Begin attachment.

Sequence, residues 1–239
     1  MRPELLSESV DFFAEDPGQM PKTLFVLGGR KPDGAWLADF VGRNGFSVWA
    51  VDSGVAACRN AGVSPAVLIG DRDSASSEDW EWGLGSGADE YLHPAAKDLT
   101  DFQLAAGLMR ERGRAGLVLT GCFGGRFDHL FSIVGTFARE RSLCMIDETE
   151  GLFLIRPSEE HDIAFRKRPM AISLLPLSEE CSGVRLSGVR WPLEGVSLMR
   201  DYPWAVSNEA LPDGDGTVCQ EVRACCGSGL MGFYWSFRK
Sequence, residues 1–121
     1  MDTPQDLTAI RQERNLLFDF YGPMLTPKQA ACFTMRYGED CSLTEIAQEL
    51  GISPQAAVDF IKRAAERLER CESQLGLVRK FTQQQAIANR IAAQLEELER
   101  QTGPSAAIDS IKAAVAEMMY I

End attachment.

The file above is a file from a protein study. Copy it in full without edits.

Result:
Sequence, residues 1–239
     1  MRPELLSESV DFFAEDPGQM PKTLFVLGGR KPDGAWLADF VGRNGFSVWA
    51  VDSGVAACRN AGVSPAVLIG DRDSASSEDW EWGLGSGADE YLHPAAKDLT
   101  DFQLAAGLMR ERGRAGLVLT GCFGGRFDHL FSIVGTFARE RSLCMIDETE
   151  GLFLIRPSEE HDIAFRKRPM AISLLPLSEE CSGVRLSGVR WPLEGVSLMR
   201  DYPWAVSNEA LPDGDGTVCQ EVRACCGSGL MGFYWSFRK
Sequence, residues 1–121
     1  MDTPQDLTAI RQERNLLFDF YGPMLTPKQA ACFTMRYGED CSLTEIAQEL
    51  GISPQAAVDF IKRAAERLER CESQLGLVRK FTQQQAIANR IAAQLEELER
   101  QTGPSAAIDS IKAAVAEMMY I